Although 45% of respondents plan to spend at least $30,000 on travel this year and 19% will spend over $50,000, ‘price’ was still the number one answer for 63% when asked about factors influencing travel decisions. Seventy-six per cent look for discounts and special offers when seeking accommodation, with four out of five respondents saying benefits of booking through travel agents, such as room upgrades, complimentary breakfast and late check-out were important. Nearly half (49%) attempt to stick to a budget when travelling.
Italy: the hottest destination for luxury travellers in 2019
Long-haul trips remain popular with Australian luxury travellers, with multi-destination and multi-continent journeys common among this demographic. The most popular recent international travel spots among respondents were Europe, USA, Italy and New Zealand. Europe also took out the top spot for the next trip on respondents’ radars, followed by multi-destination, the US, Japan and Asia. Europe – particularly Italy – was the ‘favourite’ international holiday destination for 17% (and 12%) of respondents, with Italy top of the international wishlist for luxe travellers in the future. Other wishlist destinations a little more ‘off the beaten track’ included Africa, Antarctica, Scandinavia, Alaska, Iceland and the Maldives.
Luxury travellers remain undeterred by the current US political climate
Australian travellers are largely undeterred by concerns over security and politics, with only 33% saying they worry about personal safety while travelling overseas. Just 29% mentioned security issues as a factor in picking a destination, and the US political climate is also a relative non-issue.
Cruising is still king
The expanding cruise sector is now valued at US$5 billion, with 1.34 million Australians boarding a cruise in 2017. A significant 72% of respondents had taken at least one cruise in the past five years, with 21% saying they cruise annually. The Mediterranean is the most popular cruising destination (44%), followed by Australia/New Zealand (32%), the South Pacific (31%), Alaska and the Pacific Coast of North America (29%), and the Baltics (29%). Looking ahead, 42% are interested in river cruises, 41% in expedition cruises and 31% keen on cruising on a small yacht. The most sought-after future itineraries include the Galapagos Islands (43%), European river cruising (42%), the British Isles (42%) and Norway (42%), Antarctica (39%), and the Baltics (38%).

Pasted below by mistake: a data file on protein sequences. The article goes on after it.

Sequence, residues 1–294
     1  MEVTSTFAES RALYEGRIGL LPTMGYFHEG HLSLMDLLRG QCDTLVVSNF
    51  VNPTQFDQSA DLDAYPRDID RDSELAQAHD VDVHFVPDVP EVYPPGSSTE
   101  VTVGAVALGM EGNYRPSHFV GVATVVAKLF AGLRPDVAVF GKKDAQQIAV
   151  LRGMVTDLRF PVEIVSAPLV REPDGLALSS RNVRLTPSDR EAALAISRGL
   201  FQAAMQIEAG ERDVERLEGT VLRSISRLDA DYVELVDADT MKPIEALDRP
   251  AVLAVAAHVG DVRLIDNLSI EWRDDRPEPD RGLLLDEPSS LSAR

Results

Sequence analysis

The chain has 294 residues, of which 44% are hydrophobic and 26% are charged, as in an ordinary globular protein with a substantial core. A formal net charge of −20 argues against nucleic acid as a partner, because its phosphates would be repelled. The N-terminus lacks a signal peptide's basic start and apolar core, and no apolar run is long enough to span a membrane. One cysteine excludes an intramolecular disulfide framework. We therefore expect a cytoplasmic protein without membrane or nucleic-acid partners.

Luxury Travellers still enlist the help of a travel advisor when booking overseas travel
A significant 58% of respondents prefer to use a face-to-face travel advisor when booking their next overseas adventure compared with booking directly with airlines and hotels, or using an online agent or app (28%). In addition, four out of five respondents said the benefits of booking through travel agents, such as room upgrades, complimentary breakfast and late check-out were important.
Qantas was easily the local luxe travellers’ favourite airline (41%), followed by Singapore Airlines (20%), Emirates (12%), Cathay Pacific (5%) and Qatar (3%). AccorHotels came top of the hotel list with 12.4% of respondents naming it their favourite brand, followed by the Four Seasons (5.3%), Marriott (4.6%), Hilton (4.2%) and IHG (3.9%). Twenty-three per cent of respondents cited no hotel brand allegiance.
Lead image: David and Anthony Goldman, flanking Strategic Vision’s Peter J Bates.